Michael Humblet:
So, some final advice you have? You say…

An Deraemaeker:
Half. I think as final advice, I would say first of all have a well-considered general terms and conditions. It’s very important. Also make sure that you have sent a written reminder.

Michael Humblet:
Traceable.

An Deraemaeker:
That’s very important as well. And thirdly, choose the right recovery party for your unpaid invoice. You can do it via Justified, of course.

Michael Humblet:
Of course.

An Deraemaeker:
Otherwise, it’s very important just to have a partner that you trust but also one that is very transparent in his way of working and who can really tell the steps that you’ve taken and so you can follow from a distance. I think that would be a good advice from my side.

Michael Humblet:
Perfect. Now every guest that gets into my show, I ask them the same few questions at the end.

An Deraemaeker:
Okay, shoot.

Michael Humblet:
So the first one is, so where do you get inspired? What do you read? Where do you go for blogs or websites? Where do you get your information?

An Deraemaeker:
I think what inspired me the most is other entrepreneurs, when you’re talking to them, because each entrepreneur has his own story and it’s very inspiring to hear how they do it, what they struggle with. So through networking and through working together with a lot of people, I think that is my biggest source of inspiration. Of course, reading a lot of books. I think, for our firm, we heard a lot about The 4-Hour Workweek.

Michael Humblet:
Of course.

An Deraemaeker:
Yeah, it’s really inspiring and it gave us a lot of inspiration on how to handle the things, and yeah, that was a nice one to read. But most of all, I think, yeah, other entrepreneurs that are most inspirational to me.

Michael Humblet:
Okay, perfect. So there were so many moving parts, especially when you’re starting and everything’s moving. So how do you bring focus?

An Deraemaeker:
That’s a very difficult one, for sure.

Michael Humblet:
I know. That’s why I’m asking it.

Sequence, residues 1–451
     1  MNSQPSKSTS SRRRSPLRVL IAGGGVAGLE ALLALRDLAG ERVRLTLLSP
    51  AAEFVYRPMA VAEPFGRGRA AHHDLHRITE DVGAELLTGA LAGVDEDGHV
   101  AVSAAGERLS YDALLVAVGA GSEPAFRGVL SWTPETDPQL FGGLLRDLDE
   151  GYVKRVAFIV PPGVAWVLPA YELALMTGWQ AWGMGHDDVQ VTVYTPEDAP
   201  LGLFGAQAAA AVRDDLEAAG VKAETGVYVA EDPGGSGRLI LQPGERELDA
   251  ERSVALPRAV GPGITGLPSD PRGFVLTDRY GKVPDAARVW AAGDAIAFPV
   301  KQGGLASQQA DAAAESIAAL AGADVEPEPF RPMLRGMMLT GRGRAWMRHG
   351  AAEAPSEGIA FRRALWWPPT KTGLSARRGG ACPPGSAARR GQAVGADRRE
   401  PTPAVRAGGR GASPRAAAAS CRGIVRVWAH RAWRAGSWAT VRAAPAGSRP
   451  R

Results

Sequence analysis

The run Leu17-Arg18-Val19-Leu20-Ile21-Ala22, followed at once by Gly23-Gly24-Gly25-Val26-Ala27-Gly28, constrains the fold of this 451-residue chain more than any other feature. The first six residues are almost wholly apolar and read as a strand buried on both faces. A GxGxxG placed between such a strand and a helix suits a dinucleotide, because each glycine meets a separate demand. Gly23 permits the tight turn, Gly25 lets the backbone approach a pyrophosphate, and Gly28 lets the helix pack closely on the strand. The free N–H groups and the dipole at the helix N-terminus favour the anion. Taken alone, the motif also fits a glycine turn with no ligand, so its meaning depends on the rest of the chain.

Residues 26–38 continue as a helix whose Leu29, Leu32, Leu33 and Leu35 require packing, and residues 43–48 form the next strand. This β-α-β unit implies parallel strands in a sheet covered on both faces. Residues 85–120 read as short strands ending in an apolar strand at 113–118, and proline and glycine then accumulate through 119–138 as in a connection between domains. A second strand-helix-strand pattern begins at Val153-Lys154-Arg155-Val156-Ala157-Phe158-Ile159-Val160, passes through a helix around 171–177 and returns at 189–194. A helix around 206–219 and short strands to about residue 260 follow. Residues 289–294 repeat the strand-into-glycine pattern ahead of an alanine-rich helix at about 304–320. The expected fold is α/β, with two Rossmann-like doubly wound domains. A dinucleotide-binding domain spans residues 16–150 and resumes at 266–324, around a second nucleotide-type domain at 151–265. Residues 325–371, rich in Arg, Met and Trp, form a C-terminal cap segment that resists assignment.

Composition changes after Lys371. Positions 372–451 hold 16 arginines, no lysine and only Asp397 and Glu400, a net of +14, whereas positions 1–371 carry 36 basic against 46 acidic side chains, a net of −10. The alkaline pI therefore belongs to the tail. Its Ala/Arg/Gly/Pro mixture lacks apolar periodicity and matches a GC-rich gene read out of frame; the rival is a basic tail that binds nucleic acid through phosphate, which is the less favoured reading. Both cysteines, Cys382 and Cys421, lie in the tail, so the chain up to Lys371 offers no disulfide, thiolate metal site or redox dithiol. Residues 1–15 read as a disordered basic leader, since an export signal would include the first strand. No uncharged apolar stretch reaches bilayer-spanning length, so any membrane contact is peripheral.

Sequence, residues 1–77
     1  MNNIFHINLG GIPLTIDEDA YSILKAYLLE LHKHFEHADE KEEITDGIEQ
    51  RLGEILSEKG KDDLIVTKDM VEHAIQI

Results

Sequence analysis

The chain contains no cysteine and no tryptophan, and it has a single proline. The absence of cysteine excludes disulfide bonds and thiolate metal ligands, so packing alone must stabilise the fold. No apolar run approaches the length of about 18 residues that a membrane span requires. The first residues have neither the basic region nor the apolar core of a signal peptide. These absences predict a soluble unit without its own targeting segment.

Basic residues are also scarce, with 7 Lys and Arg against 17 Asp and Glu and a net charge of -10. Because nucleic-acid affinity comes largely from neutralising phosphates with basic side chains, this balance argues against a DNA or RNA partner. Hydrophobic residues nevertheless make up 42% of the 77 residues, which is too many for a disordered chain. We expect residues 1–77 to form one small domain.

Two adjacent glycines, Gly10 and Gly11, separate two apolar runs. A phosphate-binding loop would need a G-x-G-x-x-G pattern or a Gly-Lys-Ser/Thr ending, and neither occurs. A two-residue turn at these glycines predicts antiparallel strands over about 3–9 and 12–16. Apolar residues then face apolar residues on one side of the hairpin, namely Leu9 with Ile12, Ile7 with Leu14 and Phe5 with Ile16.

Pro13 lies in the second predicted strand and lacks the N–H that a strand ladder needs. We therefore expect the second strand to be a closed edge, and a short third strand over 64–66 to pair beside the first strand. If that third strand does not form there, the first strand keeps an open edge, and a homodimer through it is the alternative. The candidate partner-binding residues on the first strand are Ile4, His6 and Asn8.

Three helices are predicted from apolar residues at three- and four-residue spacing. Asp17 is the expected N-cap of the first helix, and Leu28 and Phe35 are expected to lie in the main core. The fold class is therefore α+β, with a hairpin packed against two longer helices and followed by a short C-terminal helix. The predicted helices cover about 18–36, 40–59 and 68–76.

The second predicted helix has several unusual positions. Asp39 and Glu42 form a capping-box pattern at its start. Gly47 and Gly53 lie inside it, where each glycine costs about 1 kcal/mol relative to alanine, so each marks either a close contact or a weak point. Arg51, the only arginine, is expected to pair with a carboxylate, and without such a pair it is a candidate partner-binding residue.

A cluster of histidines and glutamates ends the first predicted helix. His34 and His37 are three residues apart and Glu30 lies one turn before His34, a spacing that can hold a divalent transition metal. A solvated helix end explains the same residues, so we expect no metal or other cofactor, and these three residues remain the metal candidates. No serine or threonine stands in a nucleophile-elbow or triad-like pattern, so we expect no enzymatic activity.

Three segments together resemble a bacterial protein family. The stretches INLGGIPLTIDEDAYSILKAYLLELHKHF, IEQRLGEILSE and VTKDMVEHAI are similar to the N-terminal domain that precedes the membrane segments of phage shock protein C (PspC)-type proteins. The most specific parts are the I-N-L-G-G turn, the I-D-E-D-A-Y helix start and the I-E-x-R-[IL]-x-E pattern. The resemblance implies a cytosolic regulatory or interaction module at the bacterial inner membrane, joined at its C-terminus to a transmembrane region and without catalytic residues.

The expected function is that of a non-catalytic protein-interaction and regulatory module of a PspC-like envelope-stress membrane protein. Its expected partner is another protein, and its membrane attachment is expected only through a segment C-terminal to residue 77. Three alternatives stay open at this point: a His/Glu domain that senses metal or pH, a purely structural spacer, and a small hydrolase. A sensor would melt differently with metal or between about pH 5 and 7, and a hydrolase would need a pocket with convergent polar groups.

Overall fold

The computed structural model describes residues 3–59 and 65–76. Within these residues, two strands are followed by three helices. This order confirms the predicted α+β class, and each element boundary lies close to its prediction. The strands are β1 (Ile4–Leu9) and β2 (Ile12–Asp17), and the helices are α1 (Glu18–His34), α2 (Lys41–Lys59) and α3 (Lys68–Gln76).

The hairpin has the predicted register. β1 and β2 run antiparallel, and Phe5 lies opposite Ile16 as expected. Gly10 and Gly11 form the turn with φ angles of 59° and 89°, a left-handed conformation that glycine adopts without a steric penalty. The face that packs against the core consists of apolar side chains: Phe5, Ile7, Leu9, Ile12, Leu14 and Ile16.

An Deraemaeker:
Yeah, there are a lot of things that you want to do and you’ve had a lot of hats on and making decisions all the time. I think what works best for me is really prioritize the things that you really want to do and the things that you think are a nice extra. And with every idea that we have, we really put a mark on it. Like, “Okay, is this really something that we need to do right now, or do we put it somewhere in the future and just make sure that we don’t forget it, that we don’t put our focus on for the moment.”

Michael Humblet:
Yeah.

An Deraemaeker:
But it’s very difficult to do.

Michael Humblet:
I know. So very close to that is how do you say no to the things you do not want to do?

An Deraemaeker:
I think that’s the same way. Always thinking like do we really want to do it? If it’s for ourselves really like is it something that we need to do and we need to do it right now, then we say yes. And otherwise, you know, “Okay, it’s-

Michael Humblet:
And how do you say it? Do you just kind of… A lot of salespeople that are in the show, they say, “I kind of say yes, but I mean no and kind of push it away.” Or you actually bluntly say…

An Deraemaeker:
I think we really would say it, because we really have a vision that we want to help other entrepreneurs and we can only help them by being honest. So if we receive, for example, an invoice that we know the chances are very low, we will also say that. And like, “This one is… We advise to to stop it and to make no further costs.” So in that way we would just say no to them. And I think that’s very important and it’s some kind of a philosophy, I think, to do it that way.

Michael Humblet:
So, what’s your, at the moment, I mean, what’s your biggest failure up to now where you said, “That’s something I will never do again?”

An Deraemaeker:
Whew. That’s also a tough one. There are a lot of things that pop into mind, a lot of learnings that we had. I think the most important one is when we have to work together with partners to be a little bit stronger in deciding with who we should work with. Ask a lot of questions and really-

Michael Humblet:
So you can say no.

An Deraemaeker:
Yeah. And really think about, “Okay, do we share the same culture and the same idea?” I think that’s very important because then you can find each other. When you lack that it will be a struggle in the end. So I would say make sure that you’re on the same line before you say yes.

Michael Humblet:
And then final one. Where can people learn more about your company?

An Deraemaeker:
For sure on our website.

Michael Humblet:
That is?

An Deraemaeker:
www.justified.be. We will also post a lot on LinkedIn, and you can always make a connection with us on LinkedIn as well. And we are more than happy to answer all your questions that everybody might have regarding unpaid invoices so.

Michael Humblet:
Super. Thanks for joining this show.

An Deraemaeker:
You’re more than welcome. It was fun.

Michael Humblet:
And now that you know how to get your unpaid invoice paid, actually, you know exactly what to do, if you like what you’ve heard, give it a thumbs up and subscribe for a lot more shows coming your way. Thank you for watching.